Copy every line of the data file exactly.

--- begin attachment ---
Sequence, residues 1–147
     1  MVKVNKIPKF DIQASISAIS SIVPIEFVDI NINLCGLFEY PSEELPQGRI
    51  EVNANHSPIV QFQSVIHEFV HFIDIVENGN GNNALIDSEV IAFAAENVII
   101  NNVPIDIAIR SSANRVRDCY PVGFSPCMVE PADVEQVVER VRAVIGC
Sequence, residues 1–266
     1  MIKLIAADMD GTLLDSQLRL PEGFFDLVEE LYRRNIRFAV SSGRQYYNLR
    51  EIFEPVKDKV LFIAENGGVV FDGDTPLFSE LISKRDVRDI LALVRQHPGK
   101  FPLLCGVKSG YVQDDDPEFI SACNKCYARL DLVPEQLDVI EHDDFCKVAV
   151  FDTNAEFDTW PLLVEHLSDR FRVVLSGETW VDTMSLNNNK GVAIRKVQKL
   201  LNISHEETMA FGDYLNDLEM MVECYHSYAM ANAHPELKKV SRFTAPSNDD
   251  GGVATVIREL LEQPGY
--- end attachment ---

Sequence, residues 1–147
     1  MVKVNKIPKF DIQASISAIS SIVPIEFVDI NINLCGLFEY PSEELPQGRI
    51  EVNANHSPIV QFQSVIHEFV HFIDIVENGN GNNALIDSEV IAFAAENVII
   101  NNVPIDIAIR SSANRVRDCY PVGFSPCMVE PADVEQVVER VRAVIGC
Sequence, residues 1–266
     1  MIKLIAADMD GTLLDSQLRL PEGFFDLVEE LYRRNIRFAV SSGRQYYNLR
    51  EIFEPVKDKV LFIAENGGVV FDGDTPLFSE LISKRDVRDI LALVRQHPGK
   101  FPLLCGVKSG YVQDDDPEFI SACNKCYARL DLVPEQLDVI EHDDFCKVAV
   151  FDTNAEFDTW PLLVEHLSDR FRVVLSGETW VDTMSLNNNK GVAIRKVQKL
   201  LNISHEETMA FGDYLNDLEM MVECYHSYAM ANAHPELKKV SRFTAPSNDD
   251  GGVATVIREL LEQPGY